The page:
Civil-Military Integration Theme Marks PLA Day Coverage

Celebrating Civil-Military Integration in Mianyang

The theme for this year’s annual People’s Liberation Army (PLA) Day press was civil-military integration (军民融合) for national defense. If Defense Minister Liang Guanglie’s article “Persevere in Civil-Military Integration with Chinese Characteristics” headlining the Central Party School’s journal Qiushi did not provide enough emphasis, official press broadly addressed a number of themes relating to the need for support from the civilian sector for national defense construction and army building (August 1). Military press analysis of President Hu Jintao’s speech on July 1 noted combat power in the Information Age increasingly depends on civil-military integration, because the distinction between "guns" and "butter" is no longer as sharp a choice as in industrialized or mechanized warfare (PLA Daily, July 7). In this light, the PLA views civil-military integration to be a key feature for how the military intends to resolve its shortcomings.

Every year in honor of the PLA’s founding on August 1, 1927 during the Nanchang Uprising, Chinese military and party press provides authoritative coverage of the PLA’s priorities. In the recent past, PLA Day editorials and press coverage included official promulgation of President Hu’s “New Historic Missions” that established PLA roles beyond China’s periphery (PLA Daily, August 1, 2005). Discussion of civil-military integration is not a new topic; rather, a long-standing subject of People’s War ("Chinese Strategic Thinking: People’s War in the 21st Century," China Brief, March 18, 2010). However, it received only passing mention in last year’s rather generic evaluation of modernization (PLA Daily, August 1, 2010).

While the official PLA Daily editorial covered the entire scope of military modernization, it pointed back to Hu’s speech on July 1. Military affairs arose only once in the speech, but the integration message resounded as Hu exhorted the need to "develop civil-military integration with Chinese characteristics," "make the ideas of rich country and strong army one" and "reinforce and cultivate party-army and civil-military unity" (Xinhua, July 1). Hu’s provided the guidance, but Minister Liang provided the roadmap where the PLA and Chinese society needed to make progress in four categories of civil-military integration: the defense industries and production; national defense education; a joint civil-military security system; and national defense mobilization (Qiushi, August 1).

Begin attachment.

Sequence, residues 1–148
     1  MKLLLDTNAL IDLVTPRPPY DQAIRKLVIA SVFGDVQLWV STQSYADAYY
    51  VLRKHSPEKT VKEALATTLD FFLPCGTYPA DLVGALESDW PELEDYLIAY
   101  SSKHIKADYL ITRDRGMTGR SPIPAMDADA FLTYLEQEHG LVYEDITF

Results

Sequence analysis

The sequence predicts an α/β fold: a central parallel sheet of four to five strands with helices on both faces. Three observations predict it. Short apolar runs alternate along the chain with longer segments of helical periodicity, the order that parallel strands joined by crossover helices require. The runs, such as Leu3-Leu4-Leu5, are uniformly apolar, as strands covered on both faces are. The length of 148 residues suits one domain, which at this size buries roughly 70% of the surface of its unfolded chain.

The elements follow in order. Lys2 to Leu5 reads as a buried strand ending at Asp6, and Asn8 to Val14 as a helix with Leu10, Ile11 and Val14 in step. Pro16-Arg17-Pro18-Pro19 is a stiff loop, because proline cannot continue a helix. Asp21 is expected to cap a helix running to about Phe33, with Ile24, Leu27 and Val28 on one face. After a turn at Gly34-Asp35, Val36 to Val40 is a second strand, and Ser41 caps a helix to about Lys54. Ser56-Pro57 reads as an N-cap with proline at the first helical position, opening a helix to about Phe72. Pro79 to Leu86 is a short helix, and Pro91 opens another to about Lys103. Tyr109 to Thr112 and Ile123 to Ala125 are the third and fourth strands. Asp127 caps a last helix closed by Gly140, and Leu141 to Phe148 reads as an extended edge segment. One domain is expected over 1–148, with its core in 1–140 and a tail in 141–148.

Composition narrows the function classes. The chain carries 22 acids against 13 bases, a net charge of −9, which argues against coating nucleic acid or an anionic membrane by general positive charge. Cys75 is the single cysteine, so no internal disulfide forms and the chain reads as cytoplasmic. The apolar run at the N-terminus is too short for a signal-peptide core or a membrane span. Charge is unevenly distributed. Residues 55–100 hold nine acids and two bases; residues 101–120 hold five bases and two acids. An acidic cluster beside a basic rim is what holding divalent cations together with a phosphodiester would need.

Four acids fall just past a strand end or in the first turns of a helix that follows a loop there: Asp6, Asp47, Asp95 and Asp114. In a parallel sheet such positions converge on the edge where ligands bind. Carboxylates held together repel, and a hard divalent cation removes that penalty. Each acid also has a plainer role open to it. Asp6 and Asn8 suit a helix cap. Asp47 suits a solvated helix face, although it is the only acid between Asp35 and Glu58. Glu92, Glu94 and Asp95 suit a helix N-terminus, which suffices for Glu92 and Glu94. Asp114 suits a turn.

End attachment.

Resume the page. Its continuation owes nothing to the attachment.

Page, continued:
The first area of integration probably is the most well-known in the West, because the rapid pace of PLA modernization in the last fifteen years spurred several major studies of the Chinese defense industries [1]. According to Liang, building up the industrial capacity to support defense needs under informatized warfare can assist Chinese industry in moving up the value chain, especially in dual-use areas, in support of the 12th Five Year Plan objectives (Qiushi, August 1). As Academy of Military Science analysts noted earlier this year, the mutual civil-military reliance for technological development in the defense industries can also encourage greater cooperation on education and should be used to do so (Zhongguo Shehui Kexue Bao, May 5).

In terms of national defense education, the PLA continues to emphasize the need to raise the level of education among its officers and non-commissioned officers by reducing its reliance on military academies and trying to pull from the China’s increasingly higher quality civilian universities. In preparing for war under informatized conditions, populating the PLA with high quality personnel is the strategic foundation for national defense. To this end, the Central Military Commission issued a new "Opinion Concerning Improving National Defense Education Work under New Conditions" last month (PLA Daily, July 18; People’s Daily, July 30).